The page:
Is Diet Pepsi Bad for your Health?
Soft drink manufacturers have been diversifying their products to cater for their ever-growing, and increasingly demanding, consumer base. PepsiCo and The Coca-Cola Company have been the major players in the soft drink market with the latter enjoying a favorable market share.
Diet Pepsi was test-marketed in 1963, formally introduced in 1964, and has been widely accepted since then. While it is clear that regular Pepsi is harmful, the question — is Diet Pepsi bad for you? — still lingers inside the minds of many dietitians, scientific researchers, and the general public at large.
Recent studies have revealed that even though Diet Pepsi is far better than regular Pepsi as far as calorie intake is concerned, it’s not necessarily a healthy alternative.
Because it contains zero calories and zero sugar, Diet Pepsi is often billed as a nutritional solution to those not only trying to lose weight, but also those keen on preventing sugar-related diseases.
Unfortunately it may not be the weight loss wonder drink like so many believe.
Diet Pepsi and Artificial Sweeteners
Diet Pepsi is a carbonated beverage that uses the artificial sweeteners Sucralose and Acesulfame Potassium. Compared to real sugar, artificial sweeteners have a more intense flavor which tends to dull our senses towards naturally sweet foods such as fruit (Read about the top 5 fruits to eat after a workout).
What is even more worrisome is the fact that sweeteners have been found to produce the same effect as sugar in your body. They trigger insulin which in turn signals your body to store fat, leading to weight gain and obesity rather than weight loss.
Diet Pepsi and Metabolic Syndrome
In general, metabolic syndrome refers to a constellation of risk factors such as elevated glucose levels, high blood pressure, large waist circumference, and raised cholesterol. All of these factors increase the chances of developing stroke, diabetes, and heart diseases.
Among other diet sodas, drinking Diet Pepsi was found to increase the chances developing of metabolic syndrome by 36%.1 The same study also established that the risk of developing type II diabetes among diet soda drinkers was considerably high.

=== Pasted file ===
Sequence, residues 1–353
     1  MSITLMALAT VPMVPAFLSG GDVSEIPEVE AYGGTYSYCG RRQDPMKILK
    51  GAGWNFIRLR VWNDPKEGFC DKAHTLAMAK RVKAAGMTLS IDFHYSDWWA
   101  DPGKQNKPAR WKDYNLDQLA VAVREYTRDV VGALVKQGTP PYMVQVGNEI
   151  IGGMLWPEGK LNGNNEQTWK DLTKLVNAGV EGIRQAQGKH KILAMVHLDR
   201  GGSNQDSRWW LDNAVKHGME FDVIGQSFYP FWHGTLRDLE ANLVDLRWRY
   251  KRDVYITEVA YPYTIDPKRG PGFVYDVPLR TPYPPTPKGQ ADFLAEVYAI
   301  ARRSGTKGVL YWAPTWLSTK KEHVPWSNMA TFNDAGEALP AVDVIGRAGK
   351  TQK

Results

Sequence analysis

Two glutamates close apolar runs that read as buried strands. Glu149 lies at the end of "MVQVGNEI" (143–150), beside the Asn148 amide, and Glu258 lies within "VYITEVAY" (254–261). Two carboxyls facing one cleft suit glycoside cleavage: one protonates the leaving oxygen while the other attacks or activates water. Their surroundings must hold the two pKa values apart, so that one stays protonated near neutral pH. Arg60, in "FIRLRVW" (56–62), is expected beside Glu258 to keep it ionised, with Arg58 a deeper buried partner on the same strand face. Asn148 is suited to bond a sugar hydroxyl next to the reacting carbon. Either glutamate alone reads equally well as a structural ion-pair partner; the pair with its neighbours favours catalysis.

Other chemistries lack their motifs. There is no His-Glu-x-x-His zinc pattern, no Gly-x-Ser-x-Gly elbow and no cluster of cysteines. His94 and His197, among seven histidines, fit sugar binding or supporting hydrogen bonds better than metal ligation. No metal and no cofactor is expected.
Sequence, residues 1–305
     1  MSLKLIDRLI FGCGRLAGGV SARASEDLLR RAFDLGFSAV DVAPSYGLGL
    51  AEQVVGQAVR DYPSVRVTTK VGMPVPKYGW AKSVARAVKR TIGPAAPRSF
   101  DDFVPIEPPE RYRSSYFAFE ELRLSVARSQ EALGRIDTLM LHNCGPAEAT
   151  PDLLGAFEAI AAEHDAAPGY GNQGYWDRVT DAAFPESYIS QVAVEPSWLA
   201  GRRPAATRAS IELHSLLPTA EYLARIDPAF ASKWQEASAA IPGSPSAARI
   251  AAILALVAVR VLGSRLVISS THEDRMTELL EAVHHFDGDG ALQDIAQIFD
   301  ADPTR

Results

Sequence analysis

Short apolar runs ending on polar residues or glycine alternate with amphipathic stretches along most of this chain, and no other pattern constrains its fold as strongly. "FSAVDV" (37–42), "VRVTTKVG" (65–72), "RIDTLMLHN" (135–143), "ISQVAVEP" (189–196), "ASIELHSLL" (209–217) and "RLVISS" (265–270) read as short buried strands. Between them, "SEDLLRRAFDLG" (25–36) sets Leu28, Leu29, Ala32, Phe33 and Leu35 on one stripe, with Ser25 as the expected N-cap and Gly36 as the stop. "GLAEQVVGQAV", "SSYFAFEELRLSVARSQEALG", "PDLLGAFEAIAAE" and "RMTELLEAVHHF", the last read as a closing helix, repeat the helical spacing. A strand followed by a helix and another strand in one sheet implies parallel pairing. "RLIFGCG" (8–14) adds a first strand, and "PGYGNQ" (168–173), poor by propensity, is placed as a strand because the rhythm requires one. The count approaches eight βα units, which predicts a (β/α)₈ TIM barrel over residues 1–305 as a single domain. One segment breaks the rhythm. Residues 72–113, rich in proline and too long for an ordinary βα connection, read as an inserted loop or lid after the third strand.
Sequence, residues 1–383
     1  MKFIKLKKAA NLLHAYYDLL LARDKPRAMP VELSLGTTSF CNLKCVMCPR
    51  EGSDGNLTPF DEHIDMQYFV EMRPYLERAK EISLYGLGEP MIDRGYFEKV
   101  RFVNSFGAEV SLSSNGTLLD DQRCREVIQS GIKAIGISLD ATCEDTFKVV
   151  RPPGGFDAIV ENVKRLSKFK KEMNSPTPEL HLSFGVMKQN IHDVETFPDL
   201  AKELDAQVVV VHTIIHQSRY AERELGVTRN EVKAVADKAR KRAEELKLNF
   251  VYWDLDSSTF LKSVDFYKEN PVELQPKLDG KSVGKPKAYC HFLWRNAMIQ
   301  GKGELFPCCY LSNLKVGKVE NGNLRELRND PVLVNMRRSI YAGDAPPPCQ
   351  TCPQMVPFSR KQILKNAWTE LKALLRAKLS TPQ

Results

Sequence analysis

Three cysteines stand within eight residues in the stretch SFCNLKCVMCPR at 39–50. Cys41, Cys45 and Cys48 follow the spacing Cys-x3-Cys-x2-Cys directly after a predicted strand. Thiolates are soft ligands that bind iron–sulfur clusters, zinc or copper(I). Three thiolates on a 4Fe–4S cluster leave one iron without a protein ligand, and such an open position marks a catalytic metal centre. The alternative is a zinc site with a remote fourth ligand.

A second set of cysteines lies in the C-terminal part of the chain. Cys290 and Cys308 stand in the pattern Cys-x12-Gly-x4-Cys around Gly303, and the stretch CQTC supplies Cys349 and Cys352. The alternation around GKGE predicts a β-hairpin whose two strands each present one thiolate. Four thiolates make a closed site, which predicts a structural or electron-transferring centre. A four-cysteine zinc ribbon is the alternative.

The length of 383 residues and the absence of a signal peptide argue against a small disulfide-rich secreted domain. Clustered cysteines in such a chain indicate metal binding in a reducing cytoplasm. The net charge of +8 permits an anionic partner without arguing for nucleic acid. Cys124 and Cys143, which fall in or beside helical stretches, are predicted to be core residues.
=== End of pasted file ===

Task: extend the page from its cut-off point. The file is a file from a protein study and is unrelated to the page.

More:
While Diet Pepsi doesn’t have the 140 calories found in regular Pepsi, it doesn’t do any favors for your body’s nutritional needs. Instead, Diet Pepsi adds a chemical load that actually places a burden on your system. Because of this, other zero calorie drinks are preferable to this fizzy drink.
In fact, although the Diet Pepsi does contain potassium, caffeine, and phosphorous, there are many other food and drink choices available that contain these items and also provide many more nutritional benefits.
In this sense, the question — is Diet Pepsi bad for you? — has been partially answered. There are simply many more drink options available that provide all of its benefits and do not contain any of Diet Pepsi’s downsides.
Pre-term Delivery and Depression
A study bringing together 263,925 individuals aged between 51 and 70 and who drank diet soda found out that they had a 30% higher chance of developing depression within a period of 10 years.2
In a separate study, “Women who had at least one serving of artificially sweetened soda a day while they were pregnant were 38 percent more likely to deliver preterm than women who drank no diet soda at all. Women who had at least four diet sodas a day were nearly 80 percent more likely to deliver preterm.”3
Destructive Citric Acid
Lastly, drinking Diet Pepsi excessively puts causes the same amount of tooth erosion as methamphetamine and cocaine. Citric acid found in these drinks potentially destroys and weakens tooth enamel over an extended period of time. The visible impact of this is a ruined smile.
What is strange, however, is that the citric acid from natural sources actually helps to strengthen your gums and keep your teeth healthy and strong.
So is Diet Pepsi Bad for You?
More than likely. Several university studies referenced in this article show that it certainly does more harm than good. It triggers an insulin response which results in stored fat, increases the risks of developing metabolic syndrome and depression, and destroys tooth enamel. It seems (as always), if something sounds too good to be true … then it probably is.
- Nettleton, J. A., Lutsey, P. L., Wang, Y., Lima, J. A., Michos, E. D., & Jacobs, D. R. (2009). Diet Soda Intake and Risk of Incident Metabolic Syndrome and Type 2 Diabetes in the Multi-Ethnic Study of Atherosclerosis (MESA). Diabetes Care, 32(4), 688–694. http://doi.org/10.2337/dc08-1799.